“AJS was the original ‘fair courts’ citizen organization and, for 101 years, has worked nationally to protect the integrity of the American justice system through research, publications, education and advocacy for judicial selection reform. Among its notable accomplishments are the development of the ‘Missouri Plan’ for judicial selection, the creation of state judicial conduct commissions and judicial nominating committees and publication of its award winning peer-reviewed journal, Judicature.”

“More recently, other entities have joined the American Judicature Society’s mission to ensure that the nation’s justice system is fair, impartial, and effective. In the coming weeks, AJS will reach out to these entities in an effort to ensure the continued operation of its Center for Judicial Ethics and Judicature, which serves as a forum regarding all aspects of the administration of justice and its improvement.”

cle snippets teaser logo. This teaser signifies a new and innovative way to combine magazine content with online learning.How enjoyable a snippet can be.

No need to be mysterious. I’m talking about CLE Snippets, those brief-ish video conversations I’ve been having with Arizona Attorney authors. (Read more about them here.)

Last month, I interviewed Ken Motolenich-Salas about his topic: the Washington Redskins trademark cancellations. (You can read his article here.) Fascinating and timely.

Just as fascinating and timely, though, was my dialogue with Anthony Tsontakis yesterday. Fascinating – OK. But timely? That seems surprising, considering Anthony’s topic: a battle over the 1912 judicial nomination of Judge Richard Sloan.

Indeed, our dialogue was timely. Anthony’s article and our conversation focused on how the nomination battle could lead a commentator to say, “No uglier fight was ever made against a man.” Our dialogue reveals just how little we’ve changed in a century. Not a bad lesson to learn in a bruising election season.

I’ll provide links to the videos with Ken and Anthony as soon as I have them.

Anthony Tsontakis (right) and I take a moment before videotaping our conversation about a 1912 nomination battle.

Anthony Tsontakis (right) and I take a moment before videotaping our conversation about a 1912 nomination battle.

Former U.S. Rep. Barney Frank

Former U.S. Rep. Barney Frank

This Thursday, October 16, former U.S. Representative Barney Frank speaks at the University of Arizona Law School, where he delivers the annual McCormick Lecture.

His topic: “Why We Need More Government and How We Can Pay for It

The event is free and open to the public (though seats may be hard to come by; register here).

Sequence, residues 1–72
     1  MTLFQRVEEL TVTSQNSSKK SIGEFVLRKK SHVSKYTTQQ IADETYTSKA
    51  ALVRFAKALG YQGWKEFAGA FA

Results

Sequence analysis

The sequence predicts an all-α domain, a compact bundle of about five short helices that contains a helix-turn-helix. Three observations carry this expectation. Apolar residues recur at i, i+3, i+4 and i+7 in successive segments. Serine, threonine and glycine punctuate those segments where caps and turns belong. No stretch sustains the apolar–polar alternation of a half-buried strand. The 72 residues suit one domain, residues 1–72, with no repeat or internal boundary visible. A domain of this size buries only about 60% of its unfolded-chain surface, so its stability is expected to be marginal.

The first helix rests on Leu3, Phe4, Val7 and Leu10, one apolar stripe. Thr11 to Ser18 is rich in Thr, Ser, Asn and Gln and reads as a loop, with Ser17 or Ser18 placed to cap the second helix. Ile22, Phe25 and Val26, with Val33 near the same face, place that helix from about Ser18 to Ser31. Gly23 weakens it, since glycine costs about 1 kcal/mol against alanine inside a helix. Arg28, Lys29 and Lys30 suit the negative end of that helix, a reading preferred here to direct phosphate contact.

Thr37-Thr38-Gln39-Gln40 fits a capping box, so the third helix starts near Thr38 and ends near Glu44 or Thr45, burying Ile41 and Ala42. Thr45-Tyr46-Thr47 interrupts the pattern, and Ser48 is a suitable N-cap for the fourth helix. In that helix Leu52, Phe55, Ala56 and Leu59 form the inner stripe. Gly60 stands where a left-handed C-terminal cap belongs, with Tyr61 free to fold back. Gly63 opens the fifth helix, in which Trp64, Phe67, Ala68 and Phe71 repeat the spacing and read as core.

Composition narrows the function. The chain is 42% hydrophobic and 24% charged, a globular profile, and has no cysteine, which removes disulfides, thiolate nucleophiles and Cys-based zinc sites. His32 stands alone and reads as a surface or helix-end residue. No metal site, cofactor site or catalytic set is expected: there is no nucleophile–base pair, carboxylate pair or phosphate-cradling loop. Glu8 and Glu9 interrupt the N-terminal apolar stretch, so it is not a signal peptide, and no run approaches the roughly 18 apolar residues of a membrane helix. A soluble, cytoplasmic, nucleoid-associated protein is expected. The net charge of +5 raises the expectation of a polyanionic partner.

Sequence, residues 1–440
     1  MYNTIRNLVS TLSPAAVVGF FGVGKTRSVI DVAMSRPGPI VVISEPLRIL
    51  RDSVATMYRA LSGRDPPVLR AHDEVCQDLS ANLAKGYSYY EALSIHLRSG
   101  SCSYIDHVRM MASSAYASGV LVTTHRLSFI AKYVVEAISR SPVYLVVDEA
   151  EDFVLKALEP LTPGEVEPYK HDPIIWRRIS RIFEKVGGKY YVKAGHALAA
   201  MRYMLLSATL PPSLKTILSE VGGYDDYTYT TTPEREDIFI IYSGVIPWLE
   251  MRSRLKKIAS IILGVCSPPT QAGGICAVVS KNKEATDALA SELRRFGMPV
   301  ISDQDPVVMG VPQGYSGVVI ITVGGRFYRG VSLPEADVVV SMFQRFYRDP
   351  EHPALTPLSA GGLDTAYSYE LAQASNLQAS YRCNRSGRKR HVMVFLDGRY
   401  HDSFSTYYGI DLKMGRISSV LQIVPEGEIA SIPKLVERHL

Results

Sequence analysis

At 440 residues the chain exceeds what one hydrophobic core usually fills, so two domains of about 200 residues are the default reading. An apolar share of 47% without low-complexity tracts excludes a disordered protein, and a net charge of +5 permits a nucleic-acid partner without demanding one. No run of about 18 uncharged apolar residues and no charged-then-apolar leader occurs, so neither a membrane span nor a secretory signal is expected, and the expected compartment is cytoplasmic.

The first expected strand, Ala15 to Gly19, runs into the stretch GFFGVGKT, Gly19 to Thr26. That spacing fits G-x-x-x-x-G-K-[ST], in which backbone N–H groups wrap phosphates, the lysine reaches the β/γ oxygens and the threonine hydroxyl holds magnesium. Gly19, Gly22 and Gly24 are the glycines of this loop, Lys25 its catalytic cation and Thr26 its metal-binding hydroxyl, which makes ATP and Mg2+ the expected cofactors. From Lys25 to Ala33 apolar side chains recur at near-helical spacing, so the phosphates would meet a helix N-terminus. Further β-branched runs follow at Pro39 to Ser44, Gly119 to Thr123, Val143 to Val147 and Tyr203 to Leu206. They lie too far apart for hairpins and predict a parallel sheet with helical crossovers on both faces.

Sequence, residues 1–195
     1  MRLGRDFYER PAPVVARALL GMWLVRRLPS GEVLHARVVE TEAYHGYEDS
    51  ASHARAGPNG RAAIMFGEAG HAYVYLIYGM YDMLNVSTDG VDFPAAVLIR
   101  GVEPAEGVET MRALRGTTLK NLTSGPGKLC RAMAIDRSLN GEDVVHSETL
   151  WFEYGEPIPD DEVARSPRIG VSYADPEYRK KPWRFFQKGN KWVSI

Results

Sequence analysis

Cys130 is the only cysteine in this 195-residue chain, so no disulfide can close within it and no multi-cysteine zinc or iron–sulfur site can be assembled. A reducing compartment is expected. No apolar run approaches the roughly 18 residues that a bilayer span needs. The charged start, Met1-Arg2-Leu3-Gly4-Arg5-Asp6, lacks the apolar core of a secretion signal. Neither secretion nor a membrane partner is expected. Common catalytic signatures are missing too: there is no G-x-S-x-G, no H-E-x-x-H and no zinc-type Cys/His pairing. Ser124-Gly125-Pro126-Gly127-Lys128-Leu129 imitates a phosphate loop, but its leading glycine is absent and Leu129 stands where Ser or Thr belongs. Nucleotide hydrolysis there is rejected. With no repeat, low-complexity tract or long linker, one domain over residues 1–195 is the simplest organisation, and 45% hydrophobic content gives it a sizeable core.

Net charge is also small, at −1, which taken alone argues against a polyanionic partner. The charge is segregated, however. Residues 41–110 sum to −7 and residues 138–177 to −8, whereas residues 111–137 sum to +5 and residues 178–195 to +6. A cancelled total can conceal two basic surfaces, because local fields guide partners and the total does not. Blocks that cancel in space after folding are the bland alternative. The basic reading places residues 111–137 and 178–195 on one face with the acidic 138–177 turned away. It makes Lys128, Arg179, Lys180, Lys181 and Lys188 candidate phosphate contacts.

As the law school reports:

“Barney Frank served as United States Representative from Massachusetts for more than three decades, starting in 1981. An outspoken and deeply respected legislator, noted for his keen sense of humor, Frank has played a key role in some of the most important legislation of our country’s recent history, including the repeal of ‘don’t ask, don’t tell.’”

“As Chair of the House Financial Services Committee from 2007 to 2011, Frank helped craft the compromise bill to slow the tide of home mortgage foreclosures in the wake of the subprime mortgage crisis, as well as the subsequent $550 billion rescue plan, and the landmark Dodd–Frank Wall Street Reform and Consumer Protection Act—the sweeping set of regulatory reforms named partly after Frank and signed into law in July 2010, to prevent the recurrence of the financial crisis.”

Arizona Law logoMore detail is here.

School representatives say that they anticipate a large crowd for the event. Capacity is limited to 300 registrants; the first 100 individuals to register will be seated in the Ares Auditorium, where Frank will deliver his lecture. The additional 200 people will be seated in adjacent overflow rooms to watch the lecture streamed live.

Pluto's back? Some say yes it is a planet.

Pluto’s back? Some say yes it is a planet.

OK, so Pluto may not—yet—be considered a planet again. But some scientists who deal with the cosmos (cosmonauts? cosmeticians?) have raised the Pluto banner again, saying it is worthy of the “P” status.

I know, I thought we had come to consensus on that issue. But apparently what is gone has been revived.

Here is a news story on the topic. And then there’s this news story, which I think even asks you to answer their poll of whether you consider Pluto a part of the family of planets. (Experts that we are, I encourage you to weigh in. We’ve dumbed down the Earth; let’s dumb down the galaxy.)

But as we enjoy Change of Venue Friday, that feisty little space rock has given me renewed hope. No, I don’t care one way or another (and I’m gobsmacked by the passionate fight its advocates are waging). But if we’re not sure who is a planet, for goodness’ sake, we really don’t know much. And if Pluto can come back after being down for the count … well, we certainly can have a wonderful—and resilient—weekend.

Pluto planet glow sad

Pluto: a little celestial body yearns for more.